HVAC Presence Felt at the Big Show
March 12, 2007
ORLANDO, Fla. - The 2007 International Builders’ Show (IBS) was billed as a “show of enormous opportunities.” For the 100,000-plus people who ventured through the doors of the Orlando Orange County Convention Center, it certainly lived up to that prediction.
More than 70 companies were listed under Air Conditioning, Heating & Ventilating Equipment in the official exhibit guide, in addition to companies participating as sponsors of six different model homes on or near the site. Orlando was definitely the place for them to be seen by buying customers. Each year, the exhibitor list expands the HVAC category. More than 1,800 companies in total exhibited at IBS.
The show was not open to the local public, although it would have attracted thousands more people if it were. The Builders’ Show is without a doubt the grandest of all conceivable springtime home and garden shows. If the mind can imagine a need for a home, the solution will probably be found in the aisles.
Home builders from around the world showed up in force to kick the tires. Many HVAC booths were packed from start to finish.
When asked why he was cruising the Daikin (www.daikinac.com) booth, one residential home builder from North Carolina said he is always looking for new ways to differentiate himself from other builders. “Traffic has been very good,” said Russell Tavolacci, director of marketing for Daikin. “People ask good questions and seem to be most interested in space-saving appliances.” Space is often at a premium with new construction. Builders seemed intrigued by the prospect of mounting units on the wall, thus freeing up valuable floor space, Tavolacci said.
Dick Foster, president of ZoneFirst (www.zonefirst.com), said he has exhibited at IBS since about 1989 because he is trying to get builders interested in HVAC. “I am there trying to get the message out because, too often, it’s not being done otherwise. Builders don’t think HVAC is important because most HVAC contractors don’t make it important enough to them. Frankly, contractors can’t take on the entire burden of educating the builder community, so it’s up to manufacturers to help.”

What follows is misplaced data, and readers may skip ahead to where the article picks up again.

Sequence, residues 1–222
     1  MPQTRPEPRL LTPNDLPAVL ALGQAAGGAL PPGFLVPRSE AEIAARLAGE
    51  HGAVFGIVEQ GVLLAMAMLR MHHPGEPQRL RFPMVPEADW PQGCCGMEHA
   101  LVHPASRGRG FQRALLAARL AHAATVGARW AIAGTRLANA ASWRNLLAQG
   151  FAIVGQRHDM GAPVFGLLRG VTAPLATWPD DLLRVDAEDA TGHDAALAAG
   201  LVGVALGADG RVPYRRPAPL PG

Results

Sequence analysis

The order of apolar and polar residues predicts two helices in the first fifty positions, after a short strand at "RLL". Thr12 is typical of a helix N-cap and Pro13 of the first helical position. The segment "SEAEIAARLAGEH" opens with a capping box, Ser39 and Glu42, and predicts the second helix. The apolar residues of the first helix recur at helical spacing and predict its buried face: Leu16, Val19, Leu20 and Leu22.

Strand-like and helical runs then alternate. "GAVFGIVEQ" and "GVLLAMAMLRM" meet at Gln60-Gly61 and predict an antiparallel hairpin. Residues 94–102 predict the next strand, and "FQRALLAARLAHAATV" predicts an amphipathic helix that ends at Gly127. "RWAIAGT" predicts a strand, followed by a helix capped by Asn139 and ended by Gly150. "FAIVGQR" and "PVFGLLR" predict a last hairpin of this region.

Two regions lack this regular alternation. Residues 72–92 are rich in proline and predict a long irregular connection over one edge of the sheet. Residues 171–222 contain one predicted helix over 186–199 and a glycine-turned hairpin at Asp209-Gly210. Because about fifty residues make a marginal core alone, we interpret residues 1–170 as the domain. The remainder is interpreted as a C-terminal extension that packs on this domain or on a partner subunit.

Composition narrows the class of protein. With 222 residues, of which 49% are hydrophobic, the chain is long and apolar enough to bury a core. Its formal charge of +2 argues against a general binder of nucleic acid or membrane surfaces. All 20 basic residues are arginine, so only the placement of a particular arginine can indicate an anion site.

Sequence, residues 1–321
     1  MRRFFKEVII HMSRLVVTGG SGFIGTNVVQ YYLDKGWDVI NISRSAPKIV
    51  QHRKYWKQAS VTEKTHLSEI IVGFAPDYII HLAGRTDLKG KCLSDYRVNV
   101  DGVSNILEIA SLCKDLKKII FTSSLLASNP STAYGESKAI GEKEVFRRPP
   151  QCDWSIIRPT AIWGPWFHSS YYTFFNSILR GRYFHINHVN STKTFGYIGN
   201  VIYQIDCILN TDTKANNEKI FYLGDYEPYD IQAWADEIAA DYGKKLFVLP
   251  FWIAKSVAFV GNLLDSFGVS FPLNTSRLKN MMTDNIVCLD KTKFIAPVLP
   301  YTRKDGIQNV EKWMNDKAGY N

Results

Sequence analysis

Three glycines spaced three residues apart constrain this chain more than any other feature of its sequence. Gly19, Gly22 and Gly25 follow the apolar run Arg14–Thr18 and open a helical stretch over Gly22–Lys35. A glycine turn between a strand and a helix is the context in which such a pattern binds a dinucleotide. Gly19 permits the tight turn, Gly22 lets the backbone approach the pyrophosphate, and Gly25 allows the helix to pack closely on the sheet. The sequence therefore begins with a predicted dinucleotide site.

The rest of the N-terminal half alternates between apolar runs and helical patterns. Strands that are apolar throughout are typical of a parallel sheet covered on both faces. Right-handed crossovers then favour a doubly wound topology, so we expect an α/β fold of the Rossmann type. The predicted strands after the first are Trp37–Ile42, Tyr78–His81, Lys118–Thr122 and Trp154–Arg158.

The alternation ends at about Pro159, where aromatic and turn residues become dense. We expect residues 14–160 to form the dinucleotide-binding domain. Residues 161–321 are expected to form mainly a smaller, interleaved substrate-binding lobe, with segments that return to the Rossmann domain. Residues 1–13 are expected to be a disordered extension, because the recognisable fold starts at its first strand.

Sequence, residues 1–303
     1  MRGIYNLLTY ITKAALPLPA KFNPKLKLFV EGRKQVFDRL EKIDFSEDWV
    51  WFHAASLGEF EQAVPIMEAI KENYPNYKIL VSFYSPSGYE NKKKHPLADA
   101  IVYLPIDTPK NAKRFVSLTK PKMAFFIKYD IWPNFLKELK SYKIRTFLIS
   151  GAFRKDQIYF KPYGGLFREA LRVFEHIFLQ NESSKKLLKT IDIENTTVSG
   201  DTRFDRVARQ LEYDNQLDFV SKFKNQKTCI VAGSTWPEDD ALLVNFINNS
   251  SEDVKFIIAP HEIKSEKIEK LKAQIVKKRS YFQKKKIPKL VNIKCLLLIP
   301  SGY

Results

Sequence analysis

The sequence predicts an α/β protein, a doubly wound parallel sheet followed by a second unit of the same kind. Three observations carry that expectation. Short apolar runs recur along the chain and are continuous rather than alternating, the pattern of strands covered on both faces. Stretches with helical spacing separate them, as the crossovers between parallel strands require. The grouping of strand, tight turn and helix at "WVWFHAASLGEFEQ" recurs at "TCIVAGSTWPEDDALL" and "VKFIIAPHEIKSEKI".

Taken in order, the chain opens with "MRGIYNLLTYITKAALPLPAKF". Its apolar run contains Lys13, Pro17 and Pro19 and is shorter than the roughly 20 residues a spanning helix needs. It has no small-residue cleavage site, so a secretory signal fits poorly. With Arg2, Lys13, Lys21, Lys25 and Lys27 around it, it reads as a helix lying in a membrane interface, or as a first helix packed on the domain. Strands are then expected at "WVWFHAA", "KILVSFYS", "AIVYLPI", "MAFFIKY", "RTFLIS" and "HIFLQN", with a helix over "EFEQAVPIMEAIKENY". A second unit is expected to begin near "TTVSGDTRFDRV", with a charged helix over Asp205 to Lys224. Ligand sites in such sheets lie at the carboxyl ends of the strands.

In addition to the efforts of Foster and the many other HVAC companies present at the Builders’ Show, events such as the 13 SEER transition have opened the door for higher-priced systems. Builders are beginning to open up to the prospect of purchasing nontraditional solutions such as ductless air conditioners and heat pumps or zoning systems.
SEEN ON THE FLOORDuring the four-day exhibit, builders saw a number of new items from HVAC manufacturers. Here are a few that caught the attention of the attendees.
The Broan SmartSense Intelligent Ventilation System (www.broan.com) is an energy-efficient solution to meet the intermittent and continuous ventilation requirements of the American Society of Heating, Refrigerating and Air-Conditioning Engineers (ASHRAE) Standard 62.2. The SmartSense technology, combined with the company’s UltraSilent fans, create an integrated ventilation system in the home. Individual fans that once worked independently can now work together to ensure fresh air throughout the day.
Essentially, one fan operates as the master and the other fans are slaves that are connected wirelessly. The fans are capable of adjusting the air delivery based upon the activity of all fans in the system.
Emerson Climate Technologies (www.emersonclimatecontractor.com) displayed its Ultra-Tech™ communicating system, which autoconfigures and checks system settings. The system also has the capability, with onboard Comfort Alert diagnostics, to signal an alert on the thermostat for the owner to call for service. The system also provides active protection from severe system faults that may damage a compressor.
Representatives from Nordyne (www.nordyne.com) worked at one of four model homes built in the parking lot of the Orange County Convention Center. A Broan condensing unit supplied cooling for the Nationwide Custom Homes model. Two other homes constructed offsite showcased a variety of technologies in building controls.
Rheem Manufacturing (www.rheemac.com), Broan-Nutone, Carrier Corp. (www.carrier.com), Lennox Industries (www.lennox.com), Rinnai Corp. (www.rinnai.us), and Honeywell (www.honeywell.com) were among the companies participating in the model homes. The NextGen™ Home saw steady traffic throughout the show as people lined up to tour the futuristic domicile.
The Propane Council (www.propanecouncil.org) kept a steady presence at the American Gas Association (www.aga.org) booth, touting centralized distribution systems as a trend that is catching on, especially as developers continue to move further away from the reach of natural gas lines. Additionally, a recent survey conducted on behalf of the Propane Education & Research Council (PERC) finds that outdoor rooms and standby generators are the top drivers for builder interest in underground tanks.
According to Bruce Bylsma, director of sales and marketing for Sable Developing, Rockford, Mich., “Buyers like the aesthetics with the absence of the tank, and they see propane as more cost effective than electricity ... .”
The UniChiller RC™ from Unico Inc. (www.unicosystem.com), provides both hot and cold water for winter heating and summer cooling requirements. The company said the chiller can be located at remote distances from the conditioned structure, allowing valuable space to be used for other purposes.
Next year’s IBS will be held in Orlando, Fla., Feb. 13-16, 2008. For more information, visit www.buildersshow.com.
Publication date: 03/12/2007